One of the biggest arguments against becoming more environmentally friendly is that it’s too expensive. I get it. We don’t all have thousands of dollars to invest in big swaps like solar panels or electric cars. What most people don’t realize is that there are much cheaper ways to become more environmentally friendly, and that, certain eco-investments can actually end up saving you money.
Swap Single-Use Paper Products:
Growing up, we used to go through one-two rolls of paper towels every single week, and a pack of napkins once or twice a month. We easily spent $15-$20 per month on just these two products. While my husband and I still use single-use products for certain messes, for the most part, we’ve switched to cotton reusable products. I no longer have to buy paper towels or napkins every month. I buy a pack of single-use paper towels two-three times a year–if even– and my un-paper towels have already lasted me two years.
If it’s in the budget, you can find reusable paper towel rolls online for as little as $20 to as much as $65 depending on the quantity and quality you want to start with. The price range for cotton napkins also varies–I’ve seen packs of four for $10+ in basic colors and quality, but I’ve also paid $0.75 for them when Hobby Lobby had a 75% off sale.
If it isn’t in the budget to buy anything right away, you can use old clothing, towels, and rags instead. Just cut them to size, make sure they aren’t the type to leak color, and you’re good to go.
We usually reuse our cloth towels and napkins a few times before throwing them into a bin to be washed with bedding or other towels.
DIY Cleaning Products:
While there are some messes where hardcore chemicals seem like the only solution, most of your everyday cleaning can be done with a handful of simple, cheap, and natural ingredients.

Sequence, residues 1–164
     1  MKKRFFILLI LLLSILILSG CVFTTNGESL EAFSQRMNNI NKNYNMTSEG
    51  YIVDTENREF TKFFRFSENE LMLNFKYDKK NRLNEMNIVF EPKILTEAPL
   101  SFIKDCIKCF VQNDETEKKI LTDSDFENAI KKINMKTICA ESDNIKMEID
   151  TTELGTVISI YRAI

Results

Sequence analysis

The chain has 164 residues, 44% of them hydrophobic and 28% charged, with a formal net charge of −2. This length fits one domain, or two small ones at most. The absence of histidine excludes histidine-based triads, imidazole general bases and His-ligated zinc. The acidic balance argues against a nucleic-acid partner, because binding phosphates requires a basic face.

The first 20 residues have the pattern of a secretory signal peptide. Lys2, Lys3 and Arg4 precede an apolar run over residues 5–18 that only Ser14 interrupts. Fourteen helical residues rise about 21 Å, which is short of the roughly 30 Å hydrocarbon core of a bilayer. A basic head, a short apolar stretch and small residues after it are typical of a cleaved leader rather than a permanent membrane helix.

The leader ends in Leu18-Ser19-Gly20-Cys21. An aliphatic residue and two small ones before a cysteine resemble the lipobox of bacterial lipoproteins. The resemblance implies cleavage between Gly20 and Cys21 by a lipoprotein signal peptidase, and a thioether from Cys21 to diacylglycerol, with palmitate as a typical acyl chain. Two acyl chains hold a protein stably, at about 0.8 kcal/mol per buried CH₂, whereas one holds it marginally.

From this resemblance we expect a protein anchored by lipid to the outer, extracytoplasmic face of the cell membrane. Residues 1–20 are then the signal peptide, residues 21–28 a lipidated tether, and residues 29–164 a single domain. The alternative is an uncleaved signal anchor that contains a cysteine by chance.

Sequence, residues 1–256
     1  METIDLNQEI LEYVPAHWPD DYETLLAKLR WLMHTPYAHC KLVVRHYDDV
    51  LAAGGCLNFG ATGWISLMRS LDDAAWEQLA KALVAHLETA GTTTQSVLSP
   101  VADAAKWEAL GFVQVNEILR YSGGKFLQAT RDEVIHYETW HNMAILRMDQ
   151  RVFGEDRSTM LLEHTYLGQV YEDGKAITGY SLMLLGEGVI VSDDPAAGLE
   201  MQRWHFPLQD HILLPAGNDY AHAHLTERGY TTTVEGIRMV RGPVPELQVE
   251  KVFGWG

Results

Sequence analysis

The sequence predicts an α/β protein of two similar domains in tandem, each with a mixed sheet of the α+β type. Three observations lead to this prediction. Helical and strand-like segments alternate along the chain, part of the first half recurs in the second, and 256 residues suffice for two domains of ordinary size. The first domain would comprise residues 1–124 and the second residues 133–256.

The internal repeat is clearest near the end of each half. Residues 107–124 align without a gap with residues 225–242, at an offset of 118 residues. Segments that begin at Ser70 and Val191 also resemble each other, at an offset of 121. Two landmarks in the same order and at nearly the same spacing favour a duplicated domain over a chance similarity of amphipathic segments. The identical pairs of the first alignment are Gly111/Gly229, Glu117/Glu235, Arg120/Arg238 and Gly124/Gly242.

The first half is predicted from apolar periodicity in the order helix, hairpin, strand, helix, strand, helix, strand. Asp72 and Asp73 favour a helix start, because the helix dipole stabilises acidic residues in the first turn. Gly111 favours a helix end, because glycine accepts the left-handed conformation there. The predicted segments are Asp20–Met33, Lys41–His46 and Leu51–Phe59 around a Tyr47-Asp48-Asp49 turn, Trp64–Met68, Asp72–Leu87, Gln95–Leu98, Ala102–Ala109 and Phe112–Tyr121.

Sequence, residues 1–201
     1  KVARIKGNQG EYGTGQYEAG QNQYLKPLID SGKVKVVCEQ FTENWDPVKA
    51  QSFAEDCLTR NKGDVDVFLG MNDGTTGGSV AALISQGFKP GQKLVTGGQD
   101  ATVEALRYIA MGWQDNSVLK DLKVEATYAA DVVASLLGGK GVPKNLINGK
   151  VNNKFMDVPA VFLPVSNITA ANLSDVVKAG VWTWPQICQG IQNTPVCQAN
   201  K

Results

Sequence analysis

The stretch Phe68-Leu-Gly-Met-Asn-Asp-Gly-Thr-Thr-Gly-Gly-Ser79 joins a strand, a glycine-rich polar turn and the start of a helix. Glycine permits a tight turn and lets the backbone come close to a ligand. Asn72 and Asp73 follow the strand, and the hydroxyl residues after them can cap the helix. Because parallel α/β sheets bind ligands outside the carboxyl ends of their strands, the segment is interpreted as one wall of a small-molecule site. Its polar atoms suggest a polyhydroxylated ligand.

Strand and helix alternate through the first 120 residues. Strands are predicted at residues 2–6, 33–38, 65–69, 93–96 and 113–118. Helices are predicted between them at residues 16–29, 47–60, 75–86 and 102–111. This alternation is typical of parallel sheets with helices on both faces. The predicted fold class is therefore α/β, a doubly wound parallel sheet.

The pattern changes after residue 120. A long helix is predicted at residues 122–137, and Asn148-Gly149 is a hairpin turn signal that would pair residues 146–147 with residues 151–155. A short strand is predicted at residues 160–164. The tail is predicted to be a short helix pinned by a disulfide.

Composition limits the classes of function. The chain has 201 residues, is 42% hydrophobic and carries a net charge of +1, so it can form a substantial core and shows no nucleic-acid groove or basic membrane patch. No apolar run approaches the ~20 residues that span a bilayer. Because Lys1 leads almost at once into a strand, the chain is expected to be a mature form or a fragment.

White vinegar, baking soda, castile soap, and water, are all commonly used in DIY cleaning products.
I use vinegar and baking soda as a soak for burnt-on messes. My homeade all-purpose spray is just ½ water, ½ vinegar, and a few drops of lemon essential oil. It smells like Kombucha while it dries, but it does a fantastic job. Some people put in enough lemon oil that you don’t smell the vinegar at all.
Just look up “natural (insert need) cleaner” and you should find a slew of recipes. However, it’s always good to research each ingredient in a recipe independently. I wish I’d done that before discovering that using essential oil in hand soap bothers my sensitive skin and that it essential oil can also be toxic to animals.
Reduce Single-Use Plastic
Growing up, other products we used to buy weekly at the grocery store were plastic wrap, sandwich baggies, and water bottles. Not only are these products incredibly wasteful but, in the long run, they cost a lot of money.
For the most part, we store everything in glass containers with plastic snap-on lids. The glass is pretty light and is both microwave and dishwasher safe, so they’re really convenient. We also invested in silicon sandwich baggies (I’m not totally in love with these if I’m being honest), plastic food-huggers (now these I LOVE), reusable water bottles, and a filtered water pitcher.
These swaps cost more money upfront, but pay off within a few weeks or months, between the amount you save on single-use items and the amount of food you stop wasting. For instance, with my food huggers, I can store half an avocado (with its seed) or half an apple for two days, sometimes three, without them becoming inedible. I can store other cut or halved fruits and veggies (cucumber, tomato, lemon, etc.) for even longer.
We still use plastic baggies when we freeze certain items, but even then I try to reuse them as much as possible.
To All My Gals…Don’t Be Cheated By Feminine Products
From beauty products to feminine hygiene products, we do more than waste the earth’s resources…we waste money.
Instead of makeup wipes, invest in reusable cotton makeup remover pads. Use these with makeup cleansing products like a bar of soap, micellar water, or Ponds cold cream–things that you don’t have to buy too often and can recycle the packaging.
Instead of disposable cotton pads or tampons, look into options like reusable cotton pads or a diva cup. These options might not be the best if you have a heavy flow or aren’t good about washing things regularly, but I haven’t had to buy a product for “that” time of the month in over five years.
While we’re at it, be realistic with what makeup products you need–Do you really need five lipsticks, six eyeshadow palettes, and three shades of foundation on hand? When something runs out, do you have to replace it?
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